The social norms that guide boys'transitions through puberty and young adulthood are factors associated with high risk of HIV in sub-Saharan Africa (SSA). Yet few methodologies exist that adequately capture these norms and interpret their influences for response and intervention. A deeper understanding of the gendered norms societies are conveying to boys as they transition through puberty, and how best to shift those norms contributing to risky behavior, is critical for protecting both young men and their future sexual partners from acquiring HIV. Although a growing body of research exists on masculinity and HIV risk, the majority of studies were not conducted in SSA, the region with the highest HIV risk for adolescents;and few to no studies engaged boys themselves as a source of recommendations for future intervention. The objective of this small research grant (R03) is to develop a research methodology for engaging adolescent boys in the process of identifying the gendered influences shaping their transitions through puberty, the ways in which such influences shape boys'and girls'vulnerabilities to HIV, and how such influences can most effectively be addressed through intervention from the perspective of boys themselves. We propose the following specific aims: 1) To develop a novel in-depth participatory and dynamic methodology for ascertaining adolescent boys' experiences of transitioning through puberty and the gendered norms that are most influential in shaping young men's beliefs and behaviors related to masculinity, male sexuality, gender-based violence, and HIV risk. 2) To field test the methodology with a sample of 50 boys aged 16-19 in Tanzania in and out of school 3) To ascertain from adolescent boys the most effective approaches for shifting local masculinity norms that put them (and their future sexual partners) at risk of HIV and other sexually-transmitted infections (STIs), and to utilize this exploratory data for the development of an R01 intervention and evaluation grant application. To accomplish these aims, we propose to conduct a two-year collaborative research study with adolescent and sexual-health researchers at Muhimbili University of Health and Allied Sciences (MUHAS) in Tanzania. The process of developing and testing the methodology in Tanzania will provide important preliminary findings in the Tanzania setting for the conceptualization of a boy's puberty book intervention, to be developed and evaluated through an R01 application (to be submitted at the completion of this R03 study), and will also serve as a model for other SSA countries interested in understanding and addressing the gendered norms impacting on adolescent risk of HIV and other STIs within their countries.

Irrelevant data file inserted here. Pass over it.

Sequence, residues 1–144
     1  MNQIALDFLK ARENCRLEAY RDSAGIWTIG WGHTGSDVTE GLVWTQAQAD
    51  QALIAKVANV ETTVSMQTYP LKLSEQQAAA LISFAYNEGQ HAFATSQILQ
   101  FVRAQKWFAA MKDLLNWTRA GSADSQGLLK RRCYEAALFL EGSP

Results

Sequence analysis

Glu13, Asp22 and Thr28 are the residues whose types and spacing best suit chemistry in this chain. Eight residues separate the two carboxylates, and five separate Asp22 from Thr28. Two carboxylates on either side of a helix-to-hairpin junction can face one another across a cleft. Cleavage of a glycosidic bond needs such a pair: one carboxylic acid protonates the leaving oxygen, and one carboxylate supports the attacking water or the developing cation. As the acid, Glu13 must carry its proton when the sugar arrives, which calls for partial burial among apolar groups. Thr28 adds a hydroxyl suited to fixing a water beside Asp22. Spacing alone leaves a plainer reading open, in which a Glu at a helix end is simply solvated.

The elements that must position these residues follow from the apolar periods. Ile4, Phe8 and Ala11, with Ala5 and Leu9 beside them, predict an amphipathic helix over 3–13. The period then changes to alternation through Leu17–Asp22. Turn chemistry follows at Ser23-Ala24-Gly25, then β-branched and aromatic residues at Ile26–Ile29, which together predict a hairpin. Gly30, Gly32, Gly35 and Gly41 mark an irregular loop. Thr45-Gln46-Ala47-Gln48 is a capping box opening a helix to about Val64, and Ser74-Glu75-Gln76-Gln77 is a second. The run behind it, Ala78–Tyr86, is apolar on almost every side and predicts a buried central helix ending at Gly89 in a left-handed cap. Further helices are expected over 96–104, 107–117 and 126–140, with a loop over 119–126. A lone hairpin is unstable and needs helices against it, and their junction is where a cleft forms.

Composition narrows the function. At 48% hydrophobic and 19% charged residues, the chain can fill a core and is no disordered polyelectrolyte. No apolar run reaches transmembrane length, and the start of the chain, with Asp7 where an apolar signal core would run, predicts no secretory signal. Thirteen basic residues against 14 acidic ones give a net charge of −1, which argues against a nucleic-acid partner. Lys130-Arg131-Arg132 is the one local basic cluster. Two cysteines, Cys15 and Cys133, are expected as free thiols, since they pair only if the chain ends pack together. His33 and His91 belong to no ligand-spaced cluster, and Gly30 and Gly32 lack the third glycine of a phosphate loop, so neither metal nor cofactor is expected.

This study will contribute to the multi-disciplinary effort to reduce health disparities by exploring how gendered norms are shaping adolescent boys'transitions to young adulthood, and in turn their and their sexual partners'vulnerability to infection with HIV and other sexually transmitted infections. This study will develop a novel participatory methodology for conducting research with adolescent boys in sub-Saharan Africa that incorporates collecting boys'recommendations for effective intervention in addressing gendered norms leading to risky behaviors.